Community housing in regional New South Wales has a 10 year waiting list

The Community Housing Industry Association NSW (CHIA NSW) is calling for urgent action to address the state’s social housing waiting list.

There are more than 50,000 households waiting for up to 10 years or more for safe, secure and affordable community housing.

CHIA NSW has warned that households on the social housing waitlist are paying unaffordable private market rents, couch-surfing with family and friends, seeking help from homelessness services – or at worst, sleeping rough.

This is particularly the case in regional NSW, where vacancy rates of less than one per cent have driven up private rental prices, leaving families scrambling to find a place to live.

A CHIA NSW analysis of the NSW Department of Communities and Justice’s social housing waitlist and private rental vacancies between 2019 and 2020 shows:

  • Mid North Coast: 2912 households on waitlist, 73 per cent drop in private rental vacancies
  • Newcastle: 1648 households on waitlist, 45 per cent drop in private rental vacancies
  • Central Coast: 3004 households on waitlist, 77 per cent drop in private rental vacancies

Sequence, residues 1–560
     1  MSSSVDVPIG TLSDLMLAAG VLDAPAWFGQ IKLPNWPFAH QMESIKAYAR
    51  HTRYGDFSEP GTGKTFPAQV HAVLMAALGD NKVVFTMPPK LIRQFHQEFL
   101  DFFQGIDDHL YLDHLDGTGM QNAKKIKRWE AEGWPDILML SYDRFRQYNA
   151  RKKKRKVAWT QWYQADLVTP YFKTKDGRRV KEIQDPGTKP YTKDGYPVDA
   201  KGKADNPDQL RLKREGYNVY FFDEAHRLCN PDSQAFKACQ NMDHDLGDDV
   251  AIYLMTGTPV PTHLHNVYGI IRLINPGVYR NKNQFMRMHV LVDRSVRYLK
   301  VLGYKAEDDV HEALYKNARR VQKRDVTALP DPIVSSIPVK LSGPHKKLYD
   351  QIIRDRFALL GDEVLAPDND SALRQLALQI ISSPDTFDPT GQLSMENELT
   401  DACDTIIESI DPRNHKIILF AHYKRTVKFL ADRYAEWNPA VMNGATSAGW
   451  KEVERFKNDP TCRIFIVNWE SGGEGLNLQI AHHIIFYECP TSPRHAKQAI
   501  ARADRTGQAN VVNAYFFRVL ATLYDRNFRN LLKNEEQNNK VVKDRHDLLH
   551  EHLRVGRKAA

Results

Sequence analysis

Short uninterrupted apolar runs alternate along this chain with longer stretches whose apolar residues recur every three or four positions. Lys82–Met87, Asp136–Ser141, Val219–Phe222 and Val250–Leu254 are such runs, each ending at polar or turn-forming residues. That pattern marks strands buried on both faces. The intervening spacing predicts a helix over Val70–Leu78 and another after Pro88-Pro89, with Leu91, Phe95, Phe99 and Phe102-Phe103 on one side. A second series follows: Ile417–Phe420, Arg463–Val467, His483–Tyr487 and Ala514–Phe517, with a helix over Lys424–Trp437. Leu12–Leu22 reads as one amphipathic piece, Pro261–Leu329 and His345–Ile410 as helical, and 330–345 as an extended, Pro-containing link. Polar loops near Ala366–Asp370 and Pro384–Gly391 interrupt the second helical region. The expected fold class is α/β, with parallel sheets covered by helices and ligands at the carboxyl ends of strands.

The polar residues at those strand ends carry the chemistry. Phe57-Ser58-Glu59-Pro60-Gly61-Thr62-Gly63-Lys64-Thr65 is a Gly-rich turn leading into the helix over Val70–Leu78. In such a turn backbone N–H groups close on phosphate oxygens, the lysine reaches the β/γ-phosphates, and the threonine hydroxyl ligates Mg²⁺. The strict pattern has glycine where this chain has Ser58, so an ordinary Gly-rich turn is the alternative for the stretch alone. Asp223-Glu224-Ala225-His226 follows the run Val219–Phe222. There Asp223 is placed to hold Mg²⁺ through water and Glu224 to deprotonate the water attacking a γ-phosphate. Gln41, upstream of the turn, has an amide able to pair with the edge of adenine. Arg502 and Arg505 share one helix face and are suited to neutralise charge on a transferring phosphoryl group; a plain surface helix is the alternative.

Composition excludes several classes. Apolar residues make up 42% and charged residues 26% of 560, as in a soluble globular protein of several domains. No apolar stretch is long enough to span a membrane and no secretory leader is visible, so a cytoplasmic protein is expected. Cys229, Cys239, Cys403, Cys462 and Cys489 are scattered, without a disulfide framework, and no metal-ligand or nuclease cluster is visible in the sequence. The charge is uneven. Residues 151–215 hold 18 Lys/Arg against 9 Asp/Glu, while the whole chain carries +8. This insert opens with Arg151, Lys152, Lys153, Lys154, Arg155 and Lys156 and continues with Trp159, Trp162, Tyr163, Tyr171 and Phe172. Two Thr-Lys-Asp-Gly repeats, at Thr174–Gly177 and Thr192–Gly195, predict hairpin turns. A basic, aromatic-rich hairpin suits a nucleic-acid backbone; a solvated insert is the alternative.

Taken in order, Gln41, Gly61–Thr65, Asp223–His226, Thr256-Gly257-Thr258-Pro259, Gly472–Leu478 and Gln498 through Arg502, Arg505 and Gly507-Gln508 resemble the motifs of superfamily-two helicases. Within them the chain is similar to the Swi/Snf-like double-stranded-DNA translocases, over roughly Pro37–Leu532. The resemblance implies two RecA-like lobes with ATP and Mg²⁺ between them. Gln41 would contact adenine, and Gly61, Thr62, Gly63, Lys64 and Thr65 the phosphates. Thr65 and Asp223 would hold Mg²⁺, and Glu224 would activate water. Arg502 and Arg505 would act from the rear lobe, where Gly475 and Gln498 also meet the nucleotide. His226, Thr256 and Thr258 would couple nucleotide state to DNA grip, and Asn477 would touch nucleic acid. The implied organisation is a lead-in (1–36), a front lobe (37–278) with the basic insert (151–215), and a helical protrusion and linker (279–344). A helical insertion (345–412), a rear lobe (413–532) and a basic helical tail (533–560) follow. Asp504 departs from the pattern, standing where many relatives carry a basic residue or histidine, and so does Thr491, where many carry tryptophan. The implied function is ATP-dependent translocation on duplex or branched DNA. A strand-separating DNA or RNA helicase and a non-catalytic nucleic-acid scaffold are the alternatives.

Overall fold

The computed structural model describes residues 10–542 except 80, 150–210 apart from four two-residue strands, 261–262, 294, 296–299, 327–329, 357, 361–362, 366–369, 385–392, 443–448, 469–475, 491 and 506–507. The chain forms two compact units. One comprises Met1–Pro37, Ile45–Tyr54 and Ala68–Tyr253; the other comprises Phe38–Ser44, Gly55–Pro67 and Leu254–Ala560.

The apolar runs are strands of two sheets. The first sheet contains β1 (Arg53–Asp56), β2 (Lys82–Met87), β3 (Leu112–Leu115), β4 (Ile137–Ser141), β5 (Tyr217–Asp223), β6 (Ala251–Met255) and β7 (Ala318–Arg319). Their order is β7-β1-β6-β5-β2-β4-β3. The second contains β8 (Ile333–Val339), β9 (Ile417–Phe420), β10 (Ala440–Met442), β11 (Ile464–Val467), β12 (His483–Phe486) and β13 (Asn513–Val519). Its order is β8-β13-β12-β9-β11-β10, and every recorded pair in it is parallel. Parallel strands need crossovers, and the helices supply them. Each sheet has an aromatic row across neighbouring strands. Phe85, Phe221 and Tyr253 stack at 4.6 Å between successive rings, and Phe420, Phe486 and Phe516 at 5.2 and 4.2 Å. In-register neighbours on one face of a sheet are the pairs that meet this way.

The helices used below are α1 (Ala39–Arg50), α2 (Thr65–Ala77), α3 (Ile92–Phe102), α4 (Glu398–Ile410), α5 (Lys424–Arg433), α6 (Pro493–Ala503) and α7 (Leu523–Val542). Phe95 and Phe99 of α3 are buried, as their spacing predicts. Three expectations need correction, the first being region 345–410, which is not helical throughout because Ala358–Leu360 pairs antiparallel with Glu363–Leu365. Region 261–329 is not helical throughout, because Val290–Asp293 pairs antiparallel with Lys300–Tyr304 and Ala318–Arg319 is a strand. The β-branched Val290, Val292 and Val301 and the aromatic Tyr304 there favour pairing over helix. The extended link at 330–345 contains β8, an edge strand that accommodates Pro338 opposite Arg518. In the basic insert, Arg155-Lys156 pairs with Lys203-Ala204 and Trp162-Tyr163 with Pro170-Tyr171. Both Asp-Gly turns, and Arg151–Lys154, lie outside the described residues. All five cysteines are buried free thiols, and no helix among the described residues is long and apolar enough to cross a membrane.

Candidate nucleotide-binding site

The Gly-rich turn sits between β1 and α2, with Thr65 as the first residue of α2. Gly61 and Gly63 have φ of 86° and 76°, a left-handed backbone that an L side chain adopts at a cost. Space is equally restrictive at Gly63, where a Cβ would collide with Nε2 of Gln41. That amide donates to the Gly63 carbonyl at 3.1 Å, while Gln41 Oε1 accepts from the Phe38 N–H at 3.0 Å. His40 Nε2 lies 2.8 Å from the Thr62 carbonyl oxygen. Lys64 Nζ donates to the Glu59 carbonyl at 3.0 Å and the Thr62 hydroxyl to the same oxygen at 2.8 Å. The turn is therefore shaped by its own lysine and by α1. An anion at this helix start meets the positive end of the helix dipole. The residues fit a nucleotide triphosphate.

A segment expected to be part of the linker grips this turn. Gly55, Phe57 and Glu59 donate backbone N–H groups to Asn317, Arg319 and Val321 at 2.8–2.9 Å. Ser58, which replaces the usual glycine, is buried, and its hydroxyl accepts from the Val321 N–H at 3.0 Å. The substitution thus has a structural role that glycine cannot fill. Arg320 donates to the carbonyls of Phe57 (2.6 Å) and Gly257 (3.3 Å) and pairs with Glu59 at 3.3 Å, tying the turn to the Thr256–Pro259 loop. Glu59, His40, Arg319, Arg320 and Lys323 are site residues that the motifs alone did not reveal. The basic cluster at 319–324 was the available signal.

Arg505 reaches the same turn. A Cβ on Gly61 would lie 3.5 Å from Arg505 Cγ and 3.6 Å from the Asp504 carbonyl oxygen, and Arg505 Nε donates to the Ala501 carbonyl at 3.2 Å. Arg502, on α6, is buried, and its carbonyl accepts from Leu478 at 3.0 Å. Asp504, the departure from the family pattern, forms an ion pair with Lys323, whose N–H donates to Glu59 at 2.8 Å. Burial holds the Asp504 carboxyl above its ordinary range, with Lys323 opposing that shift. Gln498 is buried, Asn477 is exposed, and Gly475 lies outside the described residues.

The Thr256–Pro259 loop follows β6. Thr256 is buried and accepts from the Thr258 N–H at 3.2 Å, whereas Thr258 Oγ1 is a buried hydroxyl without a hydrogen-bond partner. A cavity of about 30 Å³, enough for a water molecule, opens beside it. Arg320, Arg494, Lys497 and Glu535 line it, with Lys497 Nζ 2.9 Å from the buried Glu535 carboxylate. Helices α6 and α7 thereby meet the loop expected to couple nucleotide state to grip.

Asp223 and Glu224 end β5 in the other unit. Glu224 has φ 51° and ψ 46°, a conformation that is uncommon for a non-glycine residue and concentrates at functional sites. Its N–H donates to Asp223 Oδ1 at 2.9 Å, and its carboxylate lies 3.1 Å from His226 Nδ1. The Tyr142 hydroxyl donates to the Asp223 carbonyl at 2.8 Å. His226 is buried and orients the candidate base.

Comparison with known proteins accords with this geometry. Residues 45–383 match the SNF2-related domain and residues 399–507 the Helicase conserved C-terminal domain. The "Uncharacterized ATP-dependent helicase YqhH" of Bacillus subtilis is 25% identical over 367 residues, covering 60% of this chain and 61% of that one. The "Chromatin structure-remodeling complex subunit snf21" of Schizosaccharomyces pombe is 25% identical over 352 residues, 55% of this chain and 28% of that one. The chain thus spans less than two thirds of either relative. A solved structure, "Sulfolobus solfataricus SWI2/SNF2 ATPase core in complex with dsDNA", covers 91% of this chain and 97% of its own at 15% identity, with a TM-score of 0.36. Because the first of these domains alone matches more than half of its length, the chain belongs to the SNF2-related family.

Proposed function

• Illawarra: 2438 households on waitlist, 62 per cent drop in private rental vacancies
  • Northern Rivers: 2652 households on waitlist, 70 per cent drop in private rental vacancies
  • Hunter Valley: 1569 households on waitlist, 52 per cent drop in private rental vacancies

CHIA NSW Chief Executive Officer Mark Degotardi explained they were advocating for “families, retirees and key workers” who had to wait up to 10 years for social housing in regional areas.

“This isn’t an inner-city problem,” he said.

“There are thousands of families in regional NSW on the social housing waitlist right now, desperately needing a safe, affordable home.

“The 2021-22 NSW Intergenerational Report has predicted that an additional 68,000 households will need social housing, meaning waiting lists will more than double by 2061. We need to clear the list now and start planning for the surging demand over decades to come.”

Mr Degotardi said there are non-profit community housing providers who are ready to start building homes as soon as they get adequate funding from the NSW Government.

“In less than a decade, community housing providers have built thousands of new homes across NSW, created thousands of new construction jobs, and contributed $1.2 billion to the state’s economy,” he said.

“We can do much more with more government support.

“Not for profit community housing providers stand ready to support the government in building social and affordable housing across the state. That must start with committed long-term funding in this month’s NSW Budget to address the state’s housing affordability crisis.”

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